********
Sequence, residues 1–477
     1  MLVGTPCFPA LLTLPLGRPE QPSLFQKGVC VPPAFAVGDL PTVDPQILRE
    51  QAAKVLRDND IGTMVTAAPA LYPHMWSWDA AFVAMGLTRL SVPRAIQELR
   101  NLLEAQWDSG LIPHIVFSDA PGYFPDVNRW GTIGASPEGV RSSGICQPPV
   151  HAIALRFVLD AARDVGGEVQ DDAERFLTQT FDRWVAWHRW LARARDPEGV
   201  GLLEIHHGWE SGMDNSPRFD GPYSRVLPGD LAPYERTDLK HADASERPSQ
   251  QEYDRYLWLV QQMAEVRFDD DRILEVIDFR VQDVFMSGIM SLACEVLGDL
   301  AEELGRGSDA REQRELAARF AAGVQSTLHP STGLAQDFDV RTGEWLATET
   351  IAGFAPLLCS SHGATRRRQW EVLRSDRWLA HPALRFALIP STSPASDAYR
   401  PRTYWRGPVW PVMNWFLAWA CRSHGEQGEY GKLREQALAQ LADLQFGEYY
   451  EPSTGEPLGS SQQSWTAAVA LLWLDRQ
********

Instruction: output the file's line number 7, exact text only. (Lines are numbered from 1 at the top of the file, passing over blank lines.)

   251  QEYDRYLWLV QQMAEVRFDD DRILEVIDFR VQDVFMSGIM SLACEVLGDL